Everyone is entitled to his own opinion, but not his own facts.

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    Quote Originally Posted by mkline55 View Post
    I'm glad to know that any idea proposed by anyone outside academia must automatically be labelled "crank".
    Not automatic, but seriously questionable, as in, proceed with caution.
    Everyone is entitled to his own opinion, but not his own facts.

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    Quote Originally Posted by Cougar View Post
    I'm trying to picture this. It makes no sense. It seems to me that "expansion" is a forward time phenomenon. As t goes to t+1, the universe becomes larger. But if time runs "backwards" on the other side of t=0, wouldn't the expansion have to start out large and get smaller?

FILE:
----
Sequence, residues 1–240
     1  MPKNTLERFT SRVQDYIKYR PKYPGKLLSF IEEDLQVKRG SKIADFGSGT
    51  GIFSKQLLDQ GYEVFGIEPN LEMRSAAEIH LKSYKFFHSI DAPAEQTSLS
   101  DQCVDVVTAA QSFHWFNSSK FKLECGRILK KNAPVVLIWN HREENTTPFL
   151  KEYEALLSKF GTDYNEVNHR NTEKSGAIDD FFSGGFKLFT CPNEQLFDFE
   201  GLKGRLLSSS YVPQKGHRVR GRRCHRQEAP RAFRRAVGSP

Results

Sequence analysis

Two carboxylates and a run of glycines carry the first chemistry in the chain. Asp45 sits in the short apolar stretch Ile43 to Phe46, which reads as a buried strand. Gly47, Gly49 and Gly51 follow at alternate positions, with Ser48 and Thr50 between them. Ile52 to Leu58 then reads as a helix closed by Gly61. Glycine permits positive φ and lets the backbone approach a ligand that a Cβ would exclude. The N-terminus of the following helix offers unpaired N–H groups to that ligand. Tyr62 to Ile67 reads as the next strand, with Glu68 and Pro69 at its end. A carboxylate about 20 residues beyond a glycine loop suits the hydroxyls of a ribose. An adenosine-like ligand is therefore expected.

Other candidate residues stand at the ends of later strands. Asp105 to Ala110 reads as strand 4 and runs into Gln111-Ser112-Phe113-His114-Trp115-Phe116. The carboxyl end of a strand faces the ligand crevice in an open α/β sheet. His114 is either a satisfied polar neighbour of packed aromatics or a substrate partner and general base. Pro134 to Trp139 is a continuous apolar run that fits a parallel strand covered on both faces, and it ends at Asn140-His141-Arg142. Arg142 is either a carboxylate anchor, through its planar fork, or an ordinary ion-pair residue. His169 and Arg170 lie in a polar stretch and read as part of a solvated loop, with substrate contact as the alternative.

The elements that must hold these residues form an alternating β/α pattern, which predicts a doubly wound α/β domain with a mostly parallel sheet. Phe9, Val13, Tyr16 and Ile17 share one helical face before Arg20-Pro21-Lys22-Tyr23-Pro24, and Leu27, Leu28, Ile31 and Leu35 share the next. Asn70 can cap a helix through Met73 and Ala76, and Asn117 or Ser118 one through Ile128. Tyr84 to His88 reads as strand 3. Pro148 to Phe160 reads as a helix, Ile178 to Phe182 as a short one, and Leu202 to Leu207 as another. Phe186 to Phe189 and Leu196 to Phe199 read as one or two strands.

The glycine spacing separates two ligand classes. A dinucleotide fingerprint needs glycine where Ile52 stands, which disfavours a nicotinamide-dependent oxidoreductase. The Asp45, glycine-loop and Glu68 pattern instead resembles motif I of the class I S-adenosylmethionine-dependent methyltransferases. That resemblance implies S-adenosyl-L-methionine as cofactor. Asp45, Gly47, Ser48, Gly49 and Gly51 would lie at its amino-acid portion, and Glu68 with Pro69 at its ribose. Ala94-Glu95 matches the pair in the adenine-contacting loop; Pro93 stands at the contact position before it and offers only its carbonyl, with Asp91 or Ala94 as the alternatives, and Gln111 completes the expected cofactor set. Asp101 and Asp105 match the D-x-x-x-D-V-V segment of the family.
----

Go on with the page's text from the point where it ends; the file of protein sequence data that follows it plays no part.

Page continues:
As I read it, which means I could be reading it wrong, T=0 would not be a "beginning" as normally understood. Instead it would be a time when matter and anti-matter are in equal proportions. Then, in our "normal" universe, where T>0, normal matter dominates, because it moves forward in time. But anti-matter would proceed into our past and would dominate where T<0. Anti-matter in its own view proceeds forward in time from T=0 to T>0, and our universe would be the one which is backwards. At least that's what I gather. It's an interesting idea, but, as noted above, there are some experimental observations that seem to disprove it.
    Depending on whom you ask, everything is relative.

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    Quote Originally Posted by Cougar View Post
    Not automatic, but seriously questionable, as in, proceed with caution.
    Or ignore, and hope it goes away, as appears to have happened.

    I wonder if Mr. Pitts didn't pursue this further because 1) he lacked the support, 2) he lacked the knowledge, or 3) he decided he was wrong.
    Depending on whom you ask, everything is relative.